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The National Museum of Australia's large technology lab is brought to life in the Museum Workshop. See the schedule below for the chance to talk with conservators about objects including a Holden station wagon from the ABC television series The Bush Mechanics, and a 1948 Daimler car used by Queen Elizabeth II on her 1954 Royal Tour of Australia.
Preserving special objects and skills
Cars, engines, aircraft, boats – these are what conservators call the ‘big stuff’ in the National Museum's collection. Conservators have to hone their engineering skills and understand a range of historical technologies to care for these hefty mechanical objects. Preserving and passing on these specialist skills and knowledge is as much of a challenge as preserving the objects themselves.
Some large technology objects are returned to working order to preserve the experience of using them and being near them when they are operating. These sounds and smells can be powerful reminders of an object’s history and significance.
The decision to keep an object functional has significant implications for the workload of the conservation team. Working objects have to be exercised – engines run and vehicles driven – and regularly serviced and maintained. Tasks such as determining the correct oils and engine fluids for older vehicles may require extensive research and testing.
The skills required to service and maintain older objects are not formally taught, as newer technologies emerge. So we rely on skills being passed from those who know and can do, to conservators who have the background and the drive to learn these valuable skills as they become rarer.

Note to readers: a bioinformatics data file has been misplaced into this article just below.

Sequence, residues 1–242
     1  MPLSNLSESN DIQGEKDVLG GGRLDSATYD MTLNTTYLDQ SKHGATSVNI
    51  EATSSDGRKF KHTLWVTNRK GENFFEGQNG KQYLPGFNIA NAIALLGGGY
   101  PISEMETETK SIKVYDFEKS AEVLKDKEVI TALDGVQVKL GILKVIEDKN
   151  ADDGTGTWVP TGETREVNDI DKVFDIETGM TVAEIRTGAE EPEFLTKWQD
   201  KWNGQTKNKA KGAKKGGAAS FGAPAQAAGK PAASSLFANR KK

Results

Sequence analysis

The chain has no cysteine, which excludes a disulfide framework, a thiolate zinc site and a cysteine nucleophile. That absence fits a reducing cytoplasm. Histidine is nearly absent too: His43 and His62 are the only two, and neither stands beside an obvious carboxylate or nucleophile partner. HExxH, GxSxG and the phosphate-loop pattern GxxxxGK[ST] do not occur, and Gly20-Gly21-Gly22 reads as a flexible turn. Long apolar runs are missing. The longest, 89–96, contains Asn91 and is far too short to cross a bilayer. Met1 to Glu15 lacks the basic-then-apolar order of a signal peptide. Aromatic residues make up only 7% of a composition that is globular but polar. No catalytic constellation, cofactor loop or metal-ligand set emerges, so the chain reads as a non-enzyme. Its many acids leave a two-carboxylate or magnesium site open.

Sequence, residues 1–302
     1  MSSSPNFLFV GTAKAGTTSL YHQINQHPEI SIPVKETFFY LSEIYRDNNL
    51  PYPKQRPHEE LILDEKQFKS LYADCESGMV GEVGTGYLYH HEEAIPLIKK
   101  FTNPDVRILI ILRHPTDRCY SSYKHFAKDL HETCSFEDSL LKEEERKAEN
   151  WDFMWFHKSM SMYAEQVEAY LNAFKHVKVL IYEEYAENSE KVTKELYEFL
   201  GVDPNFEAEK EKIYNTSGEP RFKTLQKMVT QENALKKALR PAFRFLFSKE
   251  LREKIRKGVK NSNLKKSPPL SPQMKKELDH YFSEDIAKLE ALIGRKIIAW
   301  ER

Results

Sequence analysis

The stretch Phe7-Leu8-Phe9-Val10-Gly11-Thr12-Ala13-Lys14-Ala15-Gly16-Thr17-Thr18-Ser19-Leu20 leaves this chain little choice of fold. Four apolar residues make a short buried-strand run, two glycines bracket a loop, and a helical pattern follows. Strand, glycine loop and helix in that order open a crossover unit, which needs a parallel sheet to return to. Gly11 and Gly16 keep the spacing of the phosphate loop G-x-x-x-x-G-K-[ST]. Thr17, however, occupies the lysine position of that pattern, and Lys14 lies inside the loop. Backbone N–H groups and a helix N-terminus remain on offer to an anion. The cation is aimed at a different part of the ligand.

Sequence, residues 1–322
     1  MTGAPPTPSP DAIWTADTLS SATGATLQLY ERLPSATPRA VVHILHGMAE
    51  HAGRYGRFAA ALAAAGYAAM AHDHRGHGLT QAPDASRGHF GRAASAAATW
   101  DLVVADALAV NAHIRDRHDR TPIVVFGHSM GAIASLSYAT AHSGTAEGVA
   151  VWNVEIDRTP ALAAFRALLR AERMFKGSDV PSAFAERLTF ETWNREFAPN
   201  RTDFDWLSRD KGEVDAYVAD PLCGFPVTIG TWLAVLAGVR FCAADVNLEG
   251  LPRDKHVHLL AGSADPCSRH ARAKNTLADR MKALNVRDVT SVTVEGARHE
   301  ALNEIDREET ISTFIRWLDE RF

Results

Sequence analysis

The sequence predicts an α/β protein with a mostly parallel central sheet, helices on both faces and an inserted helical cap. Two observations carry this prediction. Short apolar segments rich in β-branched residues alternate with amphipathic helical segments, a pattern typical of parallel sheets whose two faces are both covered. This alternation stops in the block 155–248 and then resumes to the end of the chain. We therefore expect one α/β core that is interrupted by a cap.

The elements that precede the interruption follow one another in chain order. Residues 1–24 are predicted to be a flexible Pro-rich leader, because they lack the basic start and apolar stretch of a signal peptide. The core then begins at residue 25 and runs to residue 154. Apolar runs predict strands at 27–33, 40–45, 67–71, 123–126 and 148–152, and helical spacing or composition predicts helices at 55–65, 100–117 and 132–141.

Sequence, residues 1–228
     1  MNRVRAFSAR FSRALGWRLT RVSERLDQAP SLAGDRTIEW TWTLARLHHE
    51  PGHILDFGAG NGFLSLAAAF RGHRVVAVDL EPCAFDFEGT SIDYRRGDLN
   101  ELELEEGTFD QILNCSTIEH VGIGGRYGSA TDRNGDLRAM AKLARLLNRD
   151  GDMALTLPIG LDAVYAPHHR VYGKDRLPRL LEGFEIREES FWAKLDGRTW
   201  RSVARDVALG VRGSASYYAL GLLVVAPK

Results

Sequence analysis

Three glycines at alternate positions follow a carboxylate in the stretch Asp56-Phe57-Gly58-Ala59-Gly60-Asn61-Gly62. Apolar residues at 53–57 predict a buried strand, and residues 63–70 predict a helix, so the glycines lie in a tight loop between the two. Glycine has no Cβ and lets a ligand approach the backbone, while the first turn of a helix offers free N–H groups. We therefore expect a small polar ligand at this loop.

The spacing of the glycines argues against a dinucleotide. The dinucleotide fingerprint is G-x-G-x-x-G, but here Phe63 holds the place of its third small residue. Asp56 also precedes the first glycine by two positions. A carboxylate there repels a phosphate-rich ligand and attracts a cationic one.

Meet conservator Ainslie Greiner
Respect for quality workmanship
Ainslie Greiner studied archaeology and discovered conservation during his travels to archaeological sites in South East Asia.
Ainslie works as a large technology conservator at the National Museum. Recently, he has been working on vehicles including the Bean car owned by adventurer Francis Birtles, and the Daimler used by Queen Elizabeth II.
This is not just a job for Ainslie – he has enormous enthusiasm for the objects he works on and great respect for the work that went into making them in the first place. The job also brings insights into the impact of technology on Australia's recent history.
The Museum has a team of consultants who work with Ainslie and bring many years of expertise to the conservation and maintenance of the Museum's fleet of historic vehicles.
Keeping the Enterprise steaming
Museum conservators Col Ogilvie, Ainslie Greiner and David Hallam describe their work conserving large technology objects, with special reference to the paddle steamer Enterprise.
The Enterprise is one of the oldest functioning paddle steamers in the world and requires an ongoing maintenance program, including a major overhaul in a dry dock every three years.
The Bush Mechanics car
Modified EJ Holden Special station wagon, known as the Bush Mechanics car, 1962
This EJ Holden, on show in Museum Workshop, is dented, dilapidated and crudely modified and repaired – and that is how it will remain. The car featured in the 2001 television series, the Bush Mechanics, about the ingenuity of a group of Warlpiri men in keeping old cars on the road in remote Central Australia.
The roof of the car was removed in 2001 to make a trailer for transporting a drum-kit and other gear. Restore the car to pristine condition, and the greater part of its story would be lost. Instead, conservators have stabilised the car in the condition that the bush mechanics had left it.
Acquired 2003, purchase.
Condition Stabilised in its dented, rusty and dilapidated state. The bush mechanics have replaced some of the car's original parts with salvaged parts, and carried out makeshift repairs.
Treatment Existing rust appears stable, but corrosion inhibitors have been applied to the engine as a precaution. All surfaces have been dusted.
Conservator time 2 days.
The Queen's Daimler
DE 36hp Daimler landaulette, 1948
The Daimler landaulette was one of a small fleet of government cars used for Queen Elizabeth II's first tour of Australia, in 1954. It was sold after the tour and gradually deteriorated during a period of use on a farm and being kept outdoors.